The reading runs to approximately three and a quarter hours, spread over four discs. Disc one runs to 50mins 14secs, Disc two runs to 47mins 37secs, Disc three 44mins 46secs and Disc four 53mins 28secs.

The sound is clear and fine, with the mixing working well (in some of the previous releases in the range I have found the mixing not to be as effective as it could be). I’m also guess the reading reflects the content of the novel accurately, but cannot be 100% certain as it is well over twenty years since I last read it!


There have been a number of releases in this range of Target Classic Novels readings from BBC Audio, some I have found successful, some not. There could be a number of different reasons for lack of success, from the range needing to find its feet, to the quality of the original material or simply the reading itself. However, this release of Pyramids of Mars, and its release stable-mate The Daemons are excellent releases.

Since the idea of this range was tentatively formed (with William Russell readings of the three 1960s Doctor Who novelizations) this is definitely a range I wanted to see flourish. There were some brilliant novelizations published by Target and employing the many different superb actors who have appeared in the series is a very attractive way of rediscovering the books (for long-term fans) or discovering them (for new fans). Most attractive of all is having Tom Baker read the stories from his time as the Doctor and as I’ve said he really steps up to the mark for this release and makes the reading really come alive (which is after all what you want). Tom Baker is certainly a bankable name in terms of marketing and selling this release – known to fans of the series and the general public alike; but, that said, it is perhaps a shame that established radio actor Gabriel Woolf, who played Sutekh in the original television story, didn’t do this particular reading. As this is the only story Woolf appeared in, and he has such a fine voice, he would’ve made an ideal choice and I would’ve been very interested to hear his reading. However, Baker is excellent in his reading and we do get to hear his interpretation of the voice of Sutekh, which significantly differs from Woolf’s, and that is a definite plus point.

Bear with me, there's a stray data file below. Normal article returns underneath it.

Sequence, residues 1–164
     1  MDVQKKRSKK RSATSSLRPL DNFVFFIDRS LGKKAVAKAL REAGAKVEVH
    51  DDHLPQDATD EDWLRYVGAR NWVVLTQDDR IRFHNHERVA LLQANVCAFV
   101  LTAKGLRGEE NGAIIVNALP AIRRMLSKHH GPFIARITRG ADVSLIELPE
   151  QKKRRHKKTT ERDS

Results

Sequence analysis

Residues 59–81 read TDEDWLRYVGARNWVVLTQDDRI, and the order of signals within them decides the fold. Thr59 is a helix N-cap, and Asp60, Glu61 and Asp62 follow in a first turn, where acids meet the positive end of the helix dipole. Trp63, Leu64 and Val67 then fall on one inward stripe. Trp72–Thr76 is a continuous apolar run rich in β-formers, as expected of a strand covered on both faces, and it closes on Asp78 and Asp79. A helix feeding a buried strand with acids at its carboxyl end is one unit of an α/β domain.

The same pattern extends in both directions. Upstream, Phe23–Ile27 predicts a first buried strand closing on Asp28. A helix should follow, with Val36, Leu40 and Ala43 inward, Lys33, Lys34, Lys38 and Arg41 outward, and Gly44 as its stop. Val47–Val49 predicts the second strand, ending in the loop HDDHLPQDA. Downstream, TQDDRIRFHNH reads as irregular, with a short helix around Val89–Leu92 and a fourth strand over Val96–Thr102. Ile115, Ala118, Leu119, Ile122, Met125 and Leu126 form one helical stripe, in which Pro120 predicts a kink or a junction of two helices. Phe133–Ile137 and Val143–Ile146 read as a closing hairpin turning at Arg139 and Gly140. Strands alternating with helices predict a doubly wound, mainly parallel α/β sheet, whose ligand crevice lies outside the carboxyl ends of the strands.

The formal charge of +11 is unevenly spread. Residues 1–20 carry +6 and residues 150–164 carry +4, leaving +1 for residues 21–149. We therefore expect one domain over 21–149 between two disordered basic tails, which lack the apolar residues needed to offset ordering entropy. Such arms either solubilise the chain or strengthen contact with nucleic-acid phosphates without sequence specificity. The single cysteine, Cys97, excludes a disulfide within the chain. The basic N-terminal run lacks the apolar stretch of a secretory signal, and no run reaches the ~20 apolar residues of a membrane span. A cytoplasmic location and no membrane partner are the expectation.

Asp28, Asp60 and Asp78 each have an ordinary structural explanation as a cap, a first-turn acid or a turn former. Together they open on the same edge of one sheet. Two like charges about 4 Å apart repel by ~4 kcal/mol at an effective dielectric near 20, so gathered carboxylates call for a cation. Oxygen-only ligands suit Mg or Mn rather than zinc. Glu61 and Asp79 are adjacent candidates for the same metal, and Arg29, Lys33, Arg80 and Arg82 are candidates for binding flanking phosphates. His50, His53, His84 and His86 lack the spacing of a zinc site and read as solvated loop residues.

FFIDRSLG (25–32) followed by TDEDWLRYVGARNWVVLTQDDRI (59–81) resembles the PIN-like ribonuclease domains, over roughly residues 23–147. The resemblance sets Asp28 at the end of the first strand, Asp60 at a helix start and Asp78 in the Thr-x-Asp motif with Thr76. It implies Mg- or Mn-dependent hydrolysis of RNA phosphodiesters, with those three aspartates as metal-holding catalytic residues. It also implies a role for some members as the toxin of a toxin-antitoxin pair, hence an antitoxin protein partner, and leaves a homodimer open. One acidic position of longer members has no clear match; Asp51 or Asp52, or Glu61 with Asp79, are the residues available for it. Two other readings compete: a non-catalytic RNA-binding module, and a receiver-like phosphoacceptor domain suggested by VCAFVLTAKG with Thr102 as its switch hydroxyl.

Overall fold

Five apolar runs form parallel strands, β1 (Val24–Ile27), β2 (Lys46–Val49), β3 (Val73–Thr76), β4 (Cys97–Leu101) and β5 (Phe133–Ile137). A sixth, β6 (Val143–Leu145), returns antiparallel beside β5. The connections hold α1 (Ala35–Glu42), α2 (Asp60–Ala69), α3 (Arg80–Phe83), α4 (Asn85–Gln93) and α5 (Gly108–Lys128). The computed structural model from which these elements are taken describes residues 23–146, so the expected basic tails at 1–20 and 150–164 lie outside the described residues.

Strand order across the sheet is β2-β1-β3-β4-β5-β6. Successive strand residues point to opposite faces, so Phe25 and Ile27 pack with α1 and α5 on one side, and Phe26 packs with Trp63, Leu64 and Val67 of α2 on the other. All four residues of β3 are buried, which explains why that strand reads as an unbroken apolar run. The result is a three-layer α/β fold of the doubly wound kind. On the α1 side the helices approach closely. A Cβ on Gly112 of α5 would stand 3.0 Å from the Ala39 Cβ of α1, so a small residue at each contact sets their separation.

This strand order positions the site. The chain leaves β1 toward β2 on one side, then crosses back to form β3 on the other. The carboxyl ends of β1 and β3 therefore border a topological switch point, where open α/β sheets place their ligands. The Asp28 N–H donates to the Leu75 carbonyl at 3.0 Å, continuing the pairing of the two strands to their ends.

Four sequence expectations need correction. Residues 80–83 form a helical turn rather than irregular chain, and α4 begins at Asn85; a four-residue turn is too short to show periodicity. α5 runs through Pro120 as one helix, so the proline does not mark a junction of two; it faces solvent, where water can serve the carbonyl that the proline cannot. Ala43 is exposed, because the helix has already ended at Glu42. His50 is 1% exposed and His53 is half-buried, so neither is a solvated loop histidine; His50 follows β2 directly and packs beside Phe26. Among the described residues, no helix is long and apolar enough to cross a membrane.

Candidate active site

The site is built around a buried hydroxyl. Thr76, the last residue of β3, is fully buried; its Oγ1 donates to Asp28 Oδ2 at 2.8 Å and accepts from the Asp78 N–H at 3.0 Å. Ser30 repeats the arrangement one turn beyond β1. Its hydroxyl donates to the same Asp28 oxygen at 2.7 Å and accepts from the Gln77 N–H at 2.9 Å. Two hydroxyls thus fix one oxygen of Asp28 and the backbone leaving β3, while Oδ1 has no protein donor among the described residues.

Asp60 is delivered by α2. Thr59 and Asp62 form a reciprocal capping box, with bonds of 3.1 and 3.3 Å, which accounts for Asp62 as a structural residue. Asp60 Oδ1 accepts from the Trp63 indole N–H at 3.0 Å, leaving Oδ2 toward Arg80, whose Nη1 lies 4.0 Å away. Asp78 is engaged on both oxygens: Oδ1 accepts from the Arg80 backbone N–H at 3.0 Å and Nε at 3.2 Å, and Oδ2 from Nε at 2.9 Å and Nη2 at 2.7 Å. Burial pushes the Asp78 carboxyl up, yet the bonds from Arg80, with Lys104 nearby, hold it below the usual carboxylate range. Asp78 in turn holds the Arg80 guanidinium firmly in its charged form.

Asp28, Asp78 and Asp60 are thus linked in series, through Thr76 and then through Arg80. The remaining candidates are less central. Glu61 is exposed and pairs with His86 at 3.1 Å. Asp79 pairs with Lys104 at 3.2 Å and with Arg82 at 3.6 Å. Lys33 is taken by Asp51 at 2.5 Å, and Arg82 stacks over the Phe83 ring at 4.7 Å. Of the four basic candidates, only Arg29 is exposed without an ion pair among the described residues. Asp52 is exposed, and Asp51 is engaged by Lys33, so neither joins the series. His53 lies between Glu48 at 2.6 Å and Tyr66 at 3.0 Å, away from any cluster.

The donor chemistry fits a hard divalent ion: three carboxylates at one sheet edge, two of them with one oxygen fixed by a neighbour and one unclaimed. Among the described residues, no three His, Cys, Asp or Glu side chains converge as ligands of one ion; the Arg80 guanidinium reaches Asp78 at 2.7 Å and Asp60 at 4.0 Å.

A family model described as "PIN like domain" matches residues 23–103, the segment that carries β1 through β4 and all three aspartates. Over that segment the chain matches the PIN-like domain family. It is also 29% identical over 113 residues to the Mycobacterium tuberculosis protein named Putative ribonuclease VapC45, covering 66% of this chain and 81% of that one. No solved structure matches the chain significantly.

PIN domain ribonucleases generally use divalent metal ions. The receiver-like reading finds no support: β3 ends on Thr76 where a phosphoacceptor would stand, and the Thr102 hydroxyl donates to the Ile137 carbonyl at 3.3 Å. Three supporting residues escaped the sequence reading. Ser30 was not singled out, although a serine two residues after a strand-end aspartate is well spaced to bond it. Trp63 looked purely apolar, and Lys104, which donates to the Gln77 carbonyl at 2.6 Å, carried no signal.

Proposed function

So then, to summarise, this is a cracking release and well worth investing in for any Doctor Who fan or anyone who enjoys novel readings. If you’ve not heard any of the Target Classic Novels readings before this is brilliant example in which to sample the range and then try out the rest. The next set of releases is readings of Jon Pertwee stories, but so far there haven’t been any of Patrick Troughton’s stories picked for release. The likes of Frazer Hines or Geoffrey Beevers would make great readers (some of the voices Beevers has used in other titles in the range are similar to Troughton). I’d love to hear The Cybermen, The Abominable Snowmen, The Ice Warriors and Fury from the Deep; here’s hoping it isn’t too long before they make an appearance in the range!